A Daydream Café
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A Daydream Café

Why I’m Kissing Productivity Goodbye

After years of attempts in morning routines, ideal schedules, getting-it-done systems — I’m dropping out.

Saying Goodbye. Photo by Craig Whitehead on Unsplash

Medium and Productivity

Like a moth drawn to light, I can’t help clicking on any productivity article that comes across my feed in Medium. You know the type — the ones with the catchy titles such as:

10 Ways to Be More Productive Now

3 Ways to Optimize Your Morning

8 Ways You’re Doing It Wrong with Productivity

9 Micro-Habits to Turn Your Life Around

These contain a list of things you already know, because you’ve read them elsewhere. An inevitable combination and regurgitation of:

1.“Have you tried Pomodoro?”

2. “Build a system not a list”

4. “What’s your trigger?”

5. “Delete the addictive apps from your phone”

6. “Break down the big tasks into mini tasks”

7. “Do the hardest thing first”

8. “Replace the old habit with a new one”

9. “Morning routine/night routine”

10. “Journal”

I keep reading these articles (and maybe you do too) because I’m hoping there will be something new that will crack the case on how I can be more functional.

After years of pushing myself through systems, routines, habits, schedules — only to always end up where I started — I’m burnt out. And I’m wondering what it would look like if, instead, if I trusted my body and brain instead of trying to follow another system made by someone who is not me.

What would it look like to say goodbye to productivity?

Riddled With Late Nights

I’m someone who is extremely productive. With lots of caffeine, a group of folks who are relying on me, and a couple of hours before the deadline.

In other words, I’ve struggled my whole life with the other way of being a productive person, which is maintaining consistent effort over time so that deadlines are smooth crescendos as opposed to panicked waves.

And I’ve struggled most when there’s no deadline at all — e.g. maintaining friendships, doing the laundry, writing the book I always said I wanted to write.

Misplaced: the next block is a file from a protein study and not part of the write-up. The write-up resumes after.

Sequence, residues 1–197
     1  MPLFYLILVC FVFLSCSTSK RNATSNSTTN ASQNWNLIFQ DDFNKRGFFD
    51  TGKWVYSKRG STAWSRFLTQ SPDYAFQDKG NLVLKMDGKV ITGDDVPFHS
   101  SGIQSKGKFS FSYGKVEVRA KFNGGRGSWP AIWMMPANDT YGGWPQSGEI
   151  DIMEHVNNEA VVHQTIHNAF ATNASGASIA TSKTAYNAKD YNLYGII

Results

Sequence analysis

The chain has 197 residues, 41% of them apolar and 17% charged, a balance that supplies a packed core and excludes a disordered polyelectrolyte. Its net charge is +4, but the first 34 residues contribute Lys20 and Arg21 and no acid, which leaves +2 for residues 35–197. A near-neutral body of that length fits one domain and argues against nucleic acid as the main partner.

That means my life is riddled with late nights, late mornings, and late fees. It means crumbled friendships, a thousand unfinished projects, and dreams that have never seen daylight. It means I’ve constantly felt behind in life and like I’m swimming hard just to keep at the same pace as my peers.

Which makes me the perfect victim and scholar of productivity, because I want so badly to be better at it. Like a broken egg searching for soldiers to put it together again (these metaphors are getting out of hand), I’ve spent years attempting to find the solution that will fix myself. How do others not feel so overwhelmed? How do they get things done when there’s not a huge deadline looming over their heads?

But no matter how much I read, knowing more doesn’t seem to help.

There’s Been a Lot of Books

I have a love/hate relationship with productivity. I love it because it deals with persuasion, why people behave the way they do, and design with trying to configure the outside environment. Whenever I go to a bookstore, just like I’m drawn to the Medium articles, I always find myself in the psychology/productivity section in hopes of finding answers.

To quickly demonstrate how often I keep coming back to this gorram category, here’s a list of books I’ve read over the last couple of years:

“Predictably Irrational” — Barry Schwartz
“Paradox of Choice” — Barry Schwartz
“The 4 Hour Workweek” — Tim Ferriss
“Tools of Titans” — Tim Ferriss
“The Power of Habit” — Charles Duhigg
“Smarter, Faster, Better” — Charles Duhigg
“Eat That Frog!” — Brian Tracy
“Atomic Habits” — James Clear
“7 Habits of Highly Effective People” — Stephen Covey
“First Things First” — Stephen Covey
“Deep Work” — Cal Newport
“Manage Your Day-To-Day: Build Your Routine, Find Your Focus, & Sharpen Your Creative Mind” — Joceyln Giel
“The 5-Second Rule” — Mel Robbins
“The Productivity Project” — Chris Bailey
“Grit” — Angela Duckworth
“The Wim Hof Method” — Wim Hof
“Getting Things Done” — David Allen
“The 80/20 Principle” — Richard Koch
“Thinking Fast & Slow” — Daniel Kahnerman
“Indistractable” — Nir Eyal
“Flow” — Mihaly Csikszentmihalyi
“Extreme Ownership” — Jocko Willink

And of all these books, do you know which one was the most helpful? They all were, for a month or two.

The Cycle

I’m learning that there are often cycles to anything I adapt in order to fix myself, whether that’s waking up at 4:30 in the morning and exercising (Jocko Willink), counting down from 5 and doing the thing NOW (Mel Robbins), drinking green smoothies and meditating (Tim Ferriss), or taking really cold showers (Wim Hof).